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    Five Signs That You Might Be Gaslighting Yourself

    Nowadays, the term “gaslighting” is becoming increasingly popular along with “breadcrumbing,” “ghosting,” and “the ick.”

    Although prevalent in today’s social media culture, the term gaslighting has a deep-rooted history that stems back to the 1940s when the film “gaslight” hit mainstream media and continued to have an influence centuries later.

    What does gaslighting mean?

    Various descriptions of gaslighting float around on the internet, some helpful, others not.

    Some experts define gaslighting as “a form of emotional abuse and manipulation that makes a person question or doubt their beliefs and perceptions of reality (Susan York Morris and Crystal Raypole, How to Recognise Gaslighting and Get Help, Healthline, November 24, 2021).

    Coercion

    Lambert (2021) defines gaslighting as” a form of psychological coercion that manipulates the targeted person to {think} they are at fault for their mistreatment.”

    You may hear the term gaslighting now and then, online, offline, and elsewhere.

    Although terms like gaslighting are increasingly becoming part of pop culture furniture, the popularity such a term has amassed over the years doesn’t make the physical and psychological implications of gaslighting any less severe.

    A recipient of gaslighting may constantly doubt their perceptions and beliefs and internalise the mistreatment and abuse dished out to them by the person doing the gaslighting.

    Mental health complications of gaslighting

    Gaslighting can cause many mental health issues, such as anxiety, depression, and trauma.

    The domino effect of gaslighting can be detrimental to your health and wellbeing and results from being in an abusive relationship, where someone who is supposed to love and want the best for you makes you question and doubt your entire existence instead.

    Feelings of guilt and shame

    negative-transference-man-near-the-wall

    Inherently, people who gaslight are emotional abusers who want their victims to believe that “something is wrong with them.”

    You may be tormented with guilt, self-blame, and other self-directed negative thoughts.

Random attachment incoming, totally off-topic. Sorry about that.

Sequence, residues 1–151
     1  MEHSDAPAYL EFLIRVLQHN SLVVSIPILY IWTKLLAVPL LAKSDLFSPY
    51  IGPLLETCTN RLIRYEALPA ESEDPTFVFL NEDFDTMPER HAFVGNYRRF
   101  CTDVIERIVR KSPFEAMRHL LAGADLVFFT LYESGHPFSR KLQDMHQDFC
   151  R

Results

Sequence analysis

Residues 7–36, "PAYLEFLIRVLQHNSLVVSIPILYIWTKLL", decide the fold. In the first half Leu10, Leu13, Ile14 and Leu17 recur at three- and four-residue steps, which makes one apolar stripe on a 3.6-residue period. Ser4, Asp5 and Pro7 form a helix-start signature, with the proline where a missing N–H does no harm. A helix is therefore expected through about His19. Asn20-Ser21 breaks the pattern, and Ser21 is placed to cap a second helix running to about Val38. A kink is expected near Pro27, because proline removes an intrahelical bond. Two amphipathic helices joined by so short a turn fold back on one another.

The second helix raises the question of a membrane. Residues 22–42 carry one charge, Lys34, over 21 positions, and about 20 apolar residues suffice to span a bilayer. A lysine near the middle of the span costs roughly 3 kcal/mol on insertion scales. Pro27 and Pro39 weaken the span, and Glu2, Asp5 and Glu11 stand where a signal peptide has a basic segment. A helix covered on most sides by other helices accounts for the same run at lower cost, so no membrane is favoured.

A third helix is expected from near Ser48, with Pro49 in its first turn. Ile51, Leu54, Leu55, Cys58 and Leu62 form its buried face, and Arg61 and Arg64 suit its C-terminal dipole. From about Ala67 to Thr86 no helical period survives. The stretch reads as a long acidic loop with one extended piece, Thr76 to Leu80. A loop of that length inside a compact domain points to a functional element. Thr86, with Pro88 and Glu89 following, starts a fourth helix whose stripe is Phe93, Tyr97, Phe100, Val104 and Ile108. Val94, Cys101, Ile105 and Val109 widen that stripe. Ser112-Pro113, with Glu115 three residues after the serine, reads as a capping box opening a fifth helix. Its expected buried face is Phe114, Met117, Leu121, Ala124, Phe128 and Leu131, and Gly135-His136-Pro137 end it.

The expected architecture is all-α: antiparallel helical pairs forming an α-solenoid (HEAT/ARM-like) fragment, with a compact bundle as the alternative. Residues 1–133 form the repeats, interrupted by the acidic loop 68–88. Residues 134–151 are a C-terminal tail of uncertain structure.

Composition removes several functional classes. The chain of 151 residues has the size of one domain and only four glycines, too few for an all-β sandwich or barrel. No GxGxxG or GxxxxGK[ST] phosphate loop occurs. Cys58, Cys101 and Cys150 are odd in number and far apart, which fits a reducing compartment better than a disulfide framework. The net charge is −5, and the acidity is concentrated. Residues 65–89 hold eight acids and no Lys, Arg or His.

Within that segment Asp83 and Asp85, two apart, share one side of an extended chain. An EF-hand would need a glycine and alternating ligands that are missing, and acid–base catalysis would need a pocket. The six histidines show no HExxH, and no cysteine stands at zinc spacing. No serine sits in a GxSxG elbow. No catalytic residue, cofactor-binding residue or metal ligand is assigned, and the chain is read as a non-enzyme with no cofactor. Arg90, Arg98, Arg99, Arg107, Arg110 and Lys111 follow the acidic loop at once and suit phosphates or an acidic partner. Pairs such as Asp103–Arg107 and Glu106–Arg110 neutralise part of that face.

Gaslighters often accuse their victims of being “too sensitive” or crazy and unhinged, especially when the victim confronts them about their abusive behaviour.

    Self-gaslighting

    As if being gaslighted by another isn’t painful and torturous enough, many of us have likely gaslighted ourselves, unwittingly, of course.

    If you question your memory, feelings, or reactions to external mistreatment or abuse, wondering if the hurt you feel is wrong, inaccurate, or “all in your head,” then it’s likely you have experienced self-gaslighting.

    Essentially, self-gaslighting results from being at the receiving end of gaslighting.

    Here a person gradually gaslights themselves and internalises the blame and false accusations from others into negative beliefs about themselves (Lambert 2021).

    Examples of self-gaslighting

    Gaslighting occurs in various relationships, i.e., partners, siblings, parents, children, neighbours, co-workers, friends, etc.

    Gaslighters want you to believe something is wrong with you, that your reactions to their abuse or maltreatment are the problem, not the abuse itself.

    An abuser may accuse you of being too sensitive or crazy and tell you that something didn’t happen when it did (or vice versa); they may even accuse you of being the abuser.

    The aim of gaslighting is to invalidate your feelings, emotions, and perceptions so that you eventually cave in and start to believe that everything is your fault and that your feelings and perceptions are invalid or inaccurate.

    Internalising negative emotions

    The layers of accusation and blame take their toll on a person’s mental health, which may result in them turning on themselves.

    The above frequently happens between the person doing the gaslighting and their victims; people often internalise the blame and accusations from an abuser – which may creep into other aspects of an individual’s life.

    Understanding the signs

    If you constantly doubt yourself or wonder whether you overreact when someone disrespects or mistreats you, you are likely gaslighting yourself.

    Mental health experts state that gaslight victims must be aware of the signs to prevent further abuse and mistreatment and get the help and support they need.

    Signs of gaslighting

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    Emotional abusers operate in various underhanded ways; however, those who gaslight may:

    • Accuse you of being “too sensitive” or call you crazy or unhinged when you express your concerns or needs
    • Retell their version of events and bend the facts to suit them
    • Deny your recollection of events
    • Accuse you of saying or doing things you know you didn’t do
    • Vehemently insist that they are right about everything and utterly refuse to consider your version of events or perspective.
    • Talk about you to others and express their concerns about your behaviour, feelings, and state of mind – this tactic plants a seed of doubt in other peoples’ minds where they may end up believing the abuser’s version of things.

    Five signs that you might be gaslighting yourself

    Identifying the signs of gaslighting can help prevent and stop the abusive cycle.

    Recognising and acknowledging when someone might be gaslighting you or when you are gaslighting yourself is instrumental, perhaps life-changing to some.

    If you think you might be gaslighting yourself, you may (unknowingly) engage in specific behavioural patterns, which may include:

    1. Downplaying (or minimising) your own experiences